This study involved a retrospective analysis of approximately 174 million unique de-identified patients (from as early as 1995) in the MarketScan Commercial Claims and Encounters (CCE) Database, a medical and drug insurance claims database, including active employees, early retirees, COBRA continuers, and dependents insured by employer-sponsored plans. The database was established in 1988 and contains inpatient admission records, outpatient services, prescription drugs, populations, eligibility status, and costs of services .
Patient Selection and Study Design
The study population was identified from the MarketScan CCE Database using administrative claims data, from January 1, 2010, to March 31, 2015, for patients with MS (defined as having at least one MS diagnosis [ICD-9: 340] within the year prior to initiating an IFN beta therapy), aged 18–64 years, who were relapse free for at least 1 year while continuously treated with IFN beta therapy (SC IFN beta-1a, SC IFN beta-1b, or IM IFN beta-1a). Patients also had to be continuously enrolled for 1 year prior to the index date (first claim = index date; baseline) and 1 year after the index date (follow-up) (Fig. 1).
Patients were propensity score matched 3:1, using the greedy method, for those who stayed on their baseline therapy (no-switch) versus those who switched to another IFN therapy (switch). Exact matching was based on the following: age category, sex, month/year of index date (first claim = index date), previous IFN used, and the prior year’s adherence category (medication possession ratio [MPR], < 0.6, 0.6–0.7, ≥ 0.8).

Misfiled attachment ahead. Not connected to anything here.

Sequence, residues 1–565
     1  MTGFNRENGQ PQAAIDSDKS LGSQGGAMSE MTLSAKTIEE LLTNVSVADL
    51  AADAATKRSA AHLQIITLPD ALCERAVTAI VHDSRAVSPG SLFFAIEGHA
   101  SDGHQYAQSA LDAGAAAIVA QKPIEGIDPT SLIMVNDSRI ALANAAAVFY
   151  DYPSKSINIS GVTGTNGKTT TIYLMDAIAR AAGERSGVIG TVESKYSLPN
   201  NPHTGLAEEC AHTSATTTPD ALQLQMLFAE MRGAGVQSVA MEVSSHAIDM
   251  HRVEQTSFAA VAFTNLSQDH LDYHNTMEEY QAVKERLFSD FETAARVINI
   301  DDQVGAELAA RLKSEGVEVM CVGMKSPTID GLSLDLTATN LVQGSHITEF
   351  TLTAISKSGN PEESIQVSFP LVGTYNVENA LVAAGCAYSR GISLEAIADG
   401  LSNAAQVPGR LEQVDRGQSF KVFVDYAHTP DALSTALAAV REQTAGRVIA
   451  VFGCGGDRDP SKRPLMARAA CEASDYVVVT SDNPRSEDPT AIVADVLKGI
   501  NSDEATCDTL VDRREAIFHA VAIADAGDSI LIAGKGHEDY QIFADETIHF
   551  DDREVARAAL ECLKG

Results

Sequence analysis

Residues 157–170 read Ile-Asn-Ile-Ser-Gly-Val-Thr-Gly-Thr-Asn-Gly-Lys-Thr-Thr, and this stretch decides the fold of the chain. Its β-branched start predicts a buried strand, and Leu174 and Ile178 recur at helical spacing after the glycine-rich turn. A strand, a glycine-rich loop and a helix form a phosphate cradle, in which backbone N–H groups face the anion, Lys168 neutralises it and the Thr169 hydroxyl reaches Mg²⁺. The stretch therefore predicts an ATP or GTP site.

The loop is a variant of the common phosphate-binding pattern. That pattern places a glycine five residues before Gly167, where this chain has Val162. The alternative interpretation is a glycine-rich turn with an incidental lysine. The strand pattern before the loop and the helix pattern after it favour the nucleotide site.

Among switch patients who were matched in terms of the above categories, the three closest no-switch patients were selected on the basis of a logistic propensity model using the above characteristics, as well as insurance plan type, the number of doctor visits in the year prior to the index date, total medical costs (log transformed), and MS symptoms as defined by experts in the field.
Among patients in each group, the Charslon comorbidity index  was using to assess the extent of comorbidities.
Adherence was assessed using patient refill records to ascertain the MPR (defined as the sum of all days’ supplies for all fills of the drug in a particular time period [pre or post index date], divided by the number of days in the time period) and the proportion of days covered (PDC; defined as the number of covered days in a particular time period divided by the total number of days in the time period).
The operational definition of relapses, adapted from Chastek et al. , included any inpatient hospital stay with a primary diagnosis of MS or any outpatient visit (either an emergency room or office visit) with the use of corticosteroids (high dose of oral steroid [daily dose of ≥ 500 mg prednisone] or intravenous steroid), adrenocorticotropic hormone, or total plasma exchange within 30 days after the stay and/or visit.
Outcomes were compared for switch versus no-switch groups for patients stable on any IFN beta therapy at baseline and then for the subset of patients stable on IM IFN beta-1a at baseline. Descriptive statistics were provided for cohorts before and after matching. Mean and standard deviation were presented for continuous measures, and count and proportion were presented for categorical measures.
Statistical testing was conducted to detect statistically significant difference (i.e., P < 0.05) between switch and no-switch groups before and after matching. Comparisons between treatment groups were analyzed using the chi-squared test or Fisher exact test for categorical measures and nonparametric Wilcoxon rank-sum test for continuous measures (e.g., costs).
The data contained in the MarketScan CCE Database are statistically de-identified and have been certified to satisfy the conditions set forth in section 164.514 (a)–(b)1ii of the Health Insurance Portability and Accountability Act. As such, the patient information used in this study is exempt from the US Department of Health and Human Services regulations that require institutional review board approval, and patient consent was not deemed necessary.